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TRN171Y1: Ethics and the Public Sphere


To whom and what are we obligated, and on what grounds?

What rights do we have over ourselves, our bodies, our privacy, our choices? How should we secure these rights?

What do we owe to one another, to the biosphere, our families, communities, our own species, and others?

Are we defined most in our individuality or in relationship?

What are our obligations to future generations and how do we fulfill them?

In this course, we read texts from philosophy, history, law, political science, cultural studies and beyond that engage with the theme of ethics in the public arena. These provide valuable analytic tools as we confront urgent contemporary issues.

Breadth Requirements: 0.5 FCE 2) Thought, Belief and Behaviour + 0.5 FCE 3) Society and Its Institutions


This course will ask you to think reflexively about your responses to the readings. That means you may not be asked to forward traditional arguments as in your other academic courses. This may be difficult at first, but it’s important to have an open mind about the generative potential of this kind of work. You will also be asked to work in groups to facilitate class discussion, deliver oral presentations, and produce your own research. Participation in this course is heavily weighted.

Marked assignments include 3 reflection papers, a research paper, and an oral test. Participation (40% of final mark) includes verbal contributions and deep listening, plus discussion board participation.

Note: Assignments can vary year to year.


Students will read texts in philosophy, history, political science, and cultural studies and use these texts to engage in discourse around broader cultural and social phenomena. Students will employ the interdisciplinary analytical tools offered in course readings when thinking about how to confront contemporary ethical questions. Students will also be encouraged to think reflexively, placing themselves and their social positionalities in dialogue with broader interpretation of the course readings and of social problems generally.


How should I prepare for this course?

You are not expected to come to this course with any previous knowledge of course material! That means you do not need to be an expert in political or social theory to take this course. That being said, you might start reading about current events or issues more deeply to get a sense of the social problems that will be discussed in this course.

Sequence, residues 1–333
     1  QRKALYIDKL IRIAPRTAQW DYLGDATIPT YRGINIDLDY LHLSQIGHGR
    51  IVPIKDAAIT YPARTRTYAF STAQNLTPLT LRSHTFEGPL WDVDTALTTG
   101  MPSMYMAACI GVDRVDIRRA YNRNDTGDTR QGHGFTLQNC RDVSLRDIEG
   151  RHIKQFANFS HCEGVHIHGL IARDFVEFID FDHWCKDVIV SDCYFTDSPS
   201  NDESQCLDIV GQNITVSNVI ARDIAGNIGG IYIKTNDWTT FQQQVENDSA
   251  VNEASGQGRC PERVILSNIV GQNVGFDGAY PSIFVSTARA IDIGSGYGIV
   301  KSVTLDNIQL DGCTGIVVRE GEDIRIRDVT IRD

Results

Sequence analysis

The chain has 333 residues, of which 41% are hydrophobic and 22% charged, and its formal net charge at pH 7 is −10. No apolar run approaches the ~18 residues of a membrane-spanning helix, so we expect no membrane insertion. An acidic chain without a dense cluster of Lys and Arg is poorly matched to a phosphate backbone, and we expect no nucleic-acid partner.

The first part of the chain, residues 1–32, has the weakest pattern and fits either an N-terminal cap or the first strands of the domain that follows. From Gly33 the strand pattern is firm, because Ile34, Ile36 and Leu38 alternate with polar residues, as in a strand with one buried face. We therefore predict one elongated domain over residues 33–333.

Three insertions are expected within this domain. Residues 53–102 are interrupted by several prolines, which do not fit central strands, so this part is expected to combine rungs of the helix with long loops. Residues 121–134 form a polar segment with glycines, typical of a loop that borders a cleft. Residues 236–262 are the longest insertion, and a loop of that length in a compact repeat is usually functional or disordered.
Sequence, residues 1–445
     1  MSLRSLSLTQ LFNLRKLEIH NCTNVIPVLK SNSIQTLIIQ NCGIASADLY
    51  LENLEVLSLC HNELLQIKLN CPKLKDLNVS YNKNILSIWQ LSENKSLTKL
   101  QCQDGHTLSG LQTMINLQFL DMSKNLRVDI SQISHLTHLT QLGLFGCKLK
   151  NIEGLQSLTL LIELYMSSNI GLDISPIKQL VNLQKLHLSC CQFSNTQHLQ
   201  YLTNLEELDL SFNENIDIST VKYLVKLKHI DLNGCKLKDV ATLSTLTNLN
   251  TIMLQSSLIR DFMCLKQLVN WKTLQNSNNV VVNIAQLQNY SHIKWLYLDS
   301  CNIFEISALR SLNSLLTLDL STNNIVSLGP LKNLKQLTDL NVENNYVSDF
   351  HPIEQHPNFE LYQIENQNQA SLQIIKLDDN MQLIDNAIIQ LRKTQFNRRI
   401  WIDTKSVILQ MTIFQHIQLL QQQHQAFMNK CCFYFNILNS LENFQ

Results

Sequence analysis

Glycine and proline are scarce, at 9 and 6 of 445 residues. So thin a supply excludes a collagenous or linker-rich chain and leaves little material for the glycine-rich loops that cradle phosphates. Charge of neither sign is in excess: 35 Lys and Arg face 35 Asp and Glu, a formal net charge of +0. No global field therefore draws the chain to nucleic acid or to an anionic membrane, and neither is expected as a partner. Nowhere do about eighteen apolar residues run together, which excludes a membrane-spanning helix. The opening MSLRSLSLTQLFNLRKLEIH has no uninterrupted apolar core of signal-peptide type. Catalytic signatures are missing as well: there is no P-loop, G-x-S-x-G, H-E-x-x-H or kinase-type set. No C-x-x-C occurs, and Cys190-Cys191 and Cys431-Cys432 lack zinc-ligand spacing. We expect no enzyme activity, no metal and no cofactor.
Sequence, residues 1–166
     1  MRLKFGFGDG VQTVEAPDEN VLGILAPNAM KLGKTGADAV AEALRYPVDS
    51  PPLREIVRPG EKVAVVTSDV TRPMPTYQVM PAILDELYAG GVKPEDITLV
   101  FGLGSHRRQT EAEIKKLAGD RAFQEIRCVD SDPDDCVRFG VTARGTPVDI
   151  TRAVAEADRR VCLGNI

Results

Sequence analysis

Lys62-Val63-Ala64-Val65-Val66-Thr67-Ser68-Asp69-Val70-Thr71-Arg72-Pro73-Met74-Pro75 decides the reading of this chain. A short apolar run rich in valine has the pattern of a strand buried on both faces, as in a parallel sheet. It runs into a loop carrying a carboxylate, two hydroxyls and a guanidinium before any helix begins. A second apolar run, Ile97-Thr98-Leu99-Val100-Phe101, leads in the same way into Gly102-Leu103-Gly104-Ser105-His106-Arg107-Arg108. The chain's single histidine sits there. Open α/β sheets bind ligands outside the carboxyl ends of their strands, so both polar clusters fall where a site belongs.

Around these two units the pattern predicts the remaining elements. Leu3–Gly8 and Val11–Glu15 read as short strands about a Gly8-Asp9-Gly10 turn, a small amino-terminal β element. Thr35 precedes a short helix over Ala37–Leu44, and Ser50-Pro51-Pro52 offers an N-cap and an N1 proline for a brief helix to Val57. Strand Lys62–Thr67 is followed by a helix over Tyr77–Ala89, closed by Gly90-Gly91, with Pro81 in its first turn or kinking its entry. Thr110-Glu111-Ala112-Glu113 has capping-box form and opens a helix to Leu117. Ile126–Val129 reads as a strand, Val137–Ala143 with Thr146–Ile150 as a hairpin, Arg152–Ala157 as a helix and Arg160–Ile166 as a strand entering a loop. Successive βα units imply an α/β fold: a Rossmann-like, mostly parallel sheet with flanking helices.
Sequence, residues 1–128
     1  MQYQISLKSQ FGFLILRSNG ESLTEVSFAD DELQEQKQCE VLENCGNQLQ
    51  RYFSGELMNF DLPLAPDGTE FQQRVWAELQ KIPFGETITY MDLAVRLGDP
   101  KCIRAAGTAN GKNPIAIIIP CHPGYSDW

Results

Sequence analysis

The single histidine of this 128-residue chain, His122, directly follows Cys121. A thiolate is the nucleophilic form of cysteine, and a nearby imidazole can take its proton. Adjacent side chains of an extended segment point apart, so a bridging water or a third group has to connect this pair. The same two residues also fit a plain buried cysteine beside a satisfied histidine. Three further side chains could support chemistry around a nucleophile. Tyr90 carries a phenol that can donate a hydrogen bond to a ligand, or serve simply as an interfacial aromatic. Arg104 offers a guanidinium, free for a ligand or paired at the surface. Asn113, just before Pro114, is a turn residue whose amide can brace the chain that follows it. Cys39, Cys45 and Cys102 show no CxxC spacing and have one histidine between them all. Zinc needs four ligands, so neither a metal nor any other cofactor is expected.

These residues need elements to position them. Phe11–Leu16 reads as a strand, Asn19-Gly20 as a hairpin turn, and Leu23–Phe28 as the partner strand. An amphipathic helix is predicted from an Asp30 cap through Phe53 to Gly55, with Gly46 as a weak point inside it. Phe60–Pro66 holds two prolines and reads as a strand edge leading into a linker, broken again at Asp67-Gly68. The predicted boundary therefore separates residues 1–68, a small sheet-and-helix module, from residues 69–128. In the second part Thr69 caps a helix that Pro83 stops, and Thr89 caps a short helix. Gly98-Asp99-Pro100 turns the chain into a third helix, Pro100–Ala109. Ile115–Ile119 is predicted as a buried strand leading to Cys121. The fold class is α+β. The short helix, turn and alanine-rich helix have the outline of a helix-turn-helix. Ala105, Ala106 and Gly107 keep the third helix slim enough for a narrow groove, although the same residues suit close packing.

What should I know before starting this course?

This course will get you to think more deeply about intersections of oppression and privilege in society and how you fit into these intersections. Your previous perspectives may be challenged and you may be asked to challenge other perspectives. Be prepared to accept constructive criticism and change your opinions on issues!

What if I'm nervous about speaking in class?

Because this course lasts a full year, you have lots of opportunity to develop the ability to speak in front of your peers. This might take a couple weeks, but once you start to develop a level of familiarity with your professor and classmates, the prospect of sharing your ideas won’t seem so daunting. If you’re feeling uncomfortable about sharing, speak to the professor before each class for some advice about how to contribute.



Trinity One Faculty Simone DavisSimone Davis, PhD 

Email: sdavis@trinity.utoronto.ca

Simone Weil Davis is a mother, Nana, daughter, sister, and spouse. An actor in her early years, she holds a PhD in American literature from UC Berkeley. Prior to arriving at Trinity, she taught at New York University and Mount Holyoke College. Simone comes at Ethics, Society & Law as an interdisciplinarian, with a background in gender studies, cultural studies, and literature. She considered commodification in Living Up to the Ads: Gender Fictions of the 1920s; since 2005, Simone’s research, writing and collaborative priorities include alternative pedagogies; the impacts of criminalization; and pathways toward educational justice and a world without prisons. She was cofounder and first director of the Walls to Bridges program.



Contact Us:

Sharon Reid
Margaret MacMillan Trinity One Program Coordinator (Acting)


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